After 63 years, civil war in Myanmar might finally be near an end after the government agreed a ceasefire with the ethnic Karen. But can peace usher a return for the many Karen refugees in neighbouring Thailand?
Every time Moon Lay steps out of her small hut, she can see her home in the distance: the mountains of Kayin State, beautiful and grand. On the horizon lies her former village, now slashed and burnt. When fighting broke out in Myanmar between the military and rebel troops after disputed elections in 2010, it was the villagers who were caught in the crossfire. Moon Lay, and many others, were forced to flee across the nearby border. "I was running and running, carrying my two daughters. Everyone was running. All the time we heard gun shots. I was so scared," she recounts as tears slowly roll down her cheek.
Another Burmese refugee in Thailand, Pah Dah, speaks of his longing for his family and hometown. He left Myanmar when soldiers settled in his town and forced villagers to work for them. When Pah Dah was 16, he decided to undergo the three-day trek through the jungle to escape, nearly drowning in a river in the process. "Sometimes I dream of my house, my garden," he says. "I want to go back. But it is just not possible for us to do so at the moment."
A lifetime of war
For more than 60 years, civil war has had a tight grip on life in Kayin state in eastern Myanmar. The military has been fighting the ethnic Karen - and the rebels have been fighting for independence. The non-governmental organization Free Burma Rangers has documented human rights abuses in the conflict for years. Rape, forced labor and killings are a part of everyday life. Villagers are even used as human minesweepers by the soldiers, one spokesperson says.
Now, it is hoped peace is about to come to Myanmar after the rebels and the army agreed a ceasefire deal earlier this month. The details are yet to be agreed, but for the international community this initial agreement is already an important step forward.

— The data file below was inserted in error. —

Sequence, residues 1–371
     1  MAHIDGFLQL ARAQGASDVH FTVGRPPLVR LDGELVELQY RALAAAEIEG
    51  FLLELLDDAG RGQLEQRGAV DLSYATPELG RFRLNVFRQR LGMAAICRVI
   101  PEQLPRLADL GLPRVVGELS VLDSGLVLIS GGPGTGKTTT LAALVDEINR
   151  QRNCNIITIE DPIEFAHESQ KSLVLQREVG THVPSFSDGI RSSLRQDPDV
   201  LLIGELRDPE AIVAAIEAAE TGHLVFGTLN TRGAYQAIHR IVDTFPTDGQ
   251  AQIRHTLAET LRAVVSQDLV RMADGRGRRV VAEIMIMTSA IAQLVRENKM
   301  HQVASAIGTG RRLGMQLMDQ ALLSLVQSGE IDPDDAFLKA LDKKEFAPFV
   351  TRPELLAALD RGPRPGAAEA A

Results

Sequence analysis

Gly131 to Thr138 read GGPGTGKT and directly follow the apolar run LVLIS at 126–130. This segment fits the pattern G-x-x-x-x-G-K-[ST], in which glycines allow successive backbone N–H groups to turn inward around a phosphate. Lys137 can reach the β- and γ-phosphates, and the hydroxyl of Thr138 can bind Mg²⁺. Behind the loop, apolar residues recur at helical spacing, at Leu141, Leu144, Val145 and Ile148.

Western nations say ending the ethnic conflict is one of the key requirements before they will consider lifting sanctions against Myanmar. Several high-profile diplomats who have visited Myanmar in recent months - from US Secretary of State Hillary Clinton to British Foreign Secretary William Hague - have stressed this precondition.
No kind of life
Pah Dah and Moon Lay are hopeful as well. They now live near the small, dusty Thai border town of Mae Sot. About 80 percent of the inhabitants are of Burmese origin. In total, it is estimated that more than one million Burmese refugees live in Thailand, some in refugee camps, others illegally.
The thousands who fled over the border in 2010, as Moon Lay did, were not received well by the Thai authorities. One officer in Mae Sot declared that "as soon as it is safe [in Myanmar], we will send the refugees back."
"Thailand wants the refugees to go back. The refugees also want to go back," says Duncan McArthur from the Thai Burmese Border Consortium, which provides relief to some 160,000 Burmese refugees in Thailand. The border crossing over the Moei River was reopened last December, but McArthur urges the authorities not to rush the repatriation process. "There is no point in doing it prematurely because then people will just come back in a less regulated way. We are not yet ready for a mass-repatriation. That is going to take time."
Illusion of peace
And the situation in the mountainous northern state of Kachin shows that a ceasefire is by no means a guarantee for peace. A long-standing peace was broken just last year, since which both sides have been caught up in brutal clashes once again.
"The army is still kind of doing its own thing: It is a little bit decentralized. So the specific guys who are running the camps in these areas have orders from the top - but they can also do things at their own pace," the spokesperson for the Free Burma Rangers explains.
After decades of war and abuse many Karen remain skeptical. "There have been some peace talk offers by the government. But I think the intention is maybe not for genuine peace talks," Pah Dah says. "It is not that we are pessimistic. It is a fact that there still are many troops in our state and villagers are still displaced from their homes."
Pah Dah has not seen his family for three years now. The road leading to his hometown is no longer accessible because there are too many landmines, he explains. Large parts of Kayin are littered with such explosives. Both the army and the rebels have used them to great effect during the conflict. Many victims arrive at the Mae Tao Clinic in Mae Sot where they receive free treatment. But the waiting list is long, and life in Myanmar remains dangerous, even without the fighting.
"Our village is not yet safe. That is why I do not dare to go back. And there is nothing there anyway," Moon Lay says. And so it seems that in the hearts of the many Burmese refugees lingering in Thailand, there is still fear for what they might lay across the border, even after all sides have laid down their arms.
Author: Monika Griebeler
Editor: Darren Mara